News & Events
Introverts v. Extroverts: What’s the Difference
- September 18, 2017
- Posted by: Caelan Cooney
- Category: Blog
I would describe myself as the “peace maker” of my family. When my brothers argue with each other, I am always the one to mediate the situation. I’m used to breaking up conflict—not causing it. But, in high school, I found that some of my friends and I were struggling to understand each other.
I was busy. Like many other students, I juggled homework, extracurriculars, friends, family, and a part time job. Each Friday night, as a way to end the chaotic week, I would go home, “veg” on the couch, and catch up on my TV shows. However, many of my friends wanted to make plans and hang out. And I couldn’t. I needed to re-charge. This is where conflict arose. It wasn’t huge or dramatic, but as someone who NEEDS to be on good-terms with everyone, I didn’t quite understand two things:
Why were they upset with me? I mean, didn’t they need time to themselves?
Why do I have this need to stay home? I do truly like spending time with them, so why can’t I hang out with them right now?
It wasn’t until this year when I attended a training for Leadership Inspirations’ coaches that I understood the root cause of this conflict. One of our sessions focused on personality, and specifically explored the concepts of introversion and extroversion.
The popular understanding of these terms today is that extraverts are ‘outgoing’ or ‘loud’ and that introverts are ‘quiet’ or ‘shy’. This is a common misconception. When these words and concepts were popularized by psychologist Carl Jung, he was actually concerned with how people oriented themselves to the outside world and their core needs. Coming from the roots “vertere” meaning “to turn…”, intro meaning “inward, within,” and extra (spelled with an ‘o’ after 1918) meaning “outside” an Introvert is someone who looks within and an Extrovert is someone who turns outward.
There are key differences between the two preferences that helped me to find my place on the introversion/extroversion scale:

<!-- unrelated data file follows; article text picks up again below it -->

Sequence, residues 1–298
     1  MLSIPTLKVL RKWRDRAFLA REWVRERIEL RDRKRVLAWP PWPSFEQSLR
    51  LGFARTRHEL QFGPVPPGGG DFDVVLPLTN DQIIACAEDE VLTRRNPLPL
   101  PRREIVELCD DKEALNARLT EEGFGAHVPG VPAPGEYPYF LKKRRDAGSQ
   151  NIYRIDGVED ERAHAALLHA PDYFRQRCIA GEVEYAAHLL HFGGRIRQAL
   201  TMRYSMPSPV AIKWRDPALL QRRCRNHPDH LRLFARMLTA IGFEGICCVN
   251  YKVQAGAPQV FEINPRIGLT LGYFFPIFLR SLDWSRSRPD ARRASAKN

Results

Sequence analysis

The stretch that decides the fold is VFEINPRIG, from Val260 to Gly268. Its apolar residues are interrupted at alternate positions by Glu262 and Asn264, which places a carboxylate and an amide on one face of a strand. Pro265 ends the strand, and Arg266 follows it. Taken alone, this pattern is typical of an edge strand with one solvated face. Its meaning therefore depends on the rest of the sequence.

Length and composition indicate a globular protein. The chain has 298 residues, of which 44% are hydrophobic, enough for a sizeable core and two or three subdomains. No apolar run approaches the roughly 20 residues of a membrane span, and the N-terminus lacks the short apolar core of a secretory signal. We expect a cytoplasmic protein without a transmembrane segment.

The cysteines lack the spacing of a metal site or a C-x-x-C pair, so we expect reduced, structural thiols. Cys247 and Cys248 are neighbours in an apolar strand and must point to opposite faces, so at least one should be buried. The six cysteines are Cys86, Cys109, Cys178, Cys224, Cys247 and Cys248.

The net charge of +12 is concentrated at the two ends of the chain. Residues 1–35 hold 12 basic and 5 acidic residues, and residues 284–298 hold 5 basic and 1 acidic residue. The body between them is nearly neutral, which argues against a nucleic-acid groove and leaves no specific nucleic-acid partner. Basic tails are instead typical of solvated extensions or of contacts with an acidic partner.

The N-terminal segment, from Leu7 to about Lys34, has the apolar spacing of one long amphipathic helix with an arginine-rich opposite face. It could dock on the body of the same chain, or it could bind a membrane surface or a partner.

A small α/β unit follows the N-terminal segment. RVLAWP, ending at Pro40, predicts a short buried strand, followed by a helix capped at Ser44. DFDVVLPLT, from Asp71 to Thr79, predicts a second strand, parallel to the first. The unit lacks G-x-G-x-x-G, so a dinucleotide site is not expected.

- Direct attention and energy inward
- Seek opportunities for reflection
- Tend to think or reflect, then speak or act
- Recharge or gain energy from themselves
- Direct attention and energy outward
- Seek opportunities for interaction
- Tend to speak or act, then reflect or think
- Recharge or gain energy from others
It was this comparison that helped me to realize why I had experienced conflict with my friends. It wasn’t because I didn’t like them or didn’t enjoy spending time with them, it was because after being “on” for so long, I needed some time to re-charge. But because everyone has their own idea of what “re-charging” and self-care mean to them I had a difficult time understanding why my more extroverted friends needed to spend more time with me and were frustrated or hurt when I didn’t feel like it. Similarly, they struggled to see why I really needed some time alone. This particular challenge is just one of many that introverts and extroverts may experience together. Though it’s important to recognize those challenges so that we can find ways to better understand each other, we must first understand our own individual preference to do this.
Because introversion and extraversion exist on a scale it can be very challenging to determine our best fit as individuals. It’s important to remember that there is no pressure to make a decision or know ‘the answer’ right away, but exploring your preferences can help you to have a better understanding of your core needs and how you interact with others. Now, ‘Ambiversion’ has become a popular term in recent years as a way to describe a person who is equally introverted and extroverted. And while it’s true that no one person can be completely introverted or completely extroverted, everyone still has a preference one way or another that feels most natural and trusted to them across time. Learning the differences between extroversion and introversion, what each other needs, and why we act the way we do, ultimately helps us be more understanding of one another.
Imagine that you have to wait for a delivery at home and that the delivery window is from 8am-5pm. What do you do during that time (you can’t leave the house)?
Got your answer? See how it compares to some of the answers of our introverted and extroverted staff members below:
- Catch up on chores
- Read a book or watch a movie
- “Treat yourself”/ Enjoy the time alone
- Call a friend
- Invite people over
- Try to contact the delivery company for a shorter window
This quick self discovery exercise helps us to start thinking about what behavior is most natural or trusted to us. No matter what your answers were, take the time to explore the definitions of introversion and extroversion and find your best fit. Remember to challenge personal and societal stereotypes of what these preferences mean and be open to the possibilities! Understanding where you fall on the introversion/extroversion scale can help you to fulfill your core needs as an individual as well as improve your interactions with others!
*Meet the Author*
Kimi is currently a Second-Year at Scripps College. She was a former attendee of one of Leadership Inspiration’s Leadership Academies and has been involved with the organization, as a Leadership Coach, ever since! Even though she’s still a “youngin,” Kimi hopes that her blog post has intrigued you and made you think differently.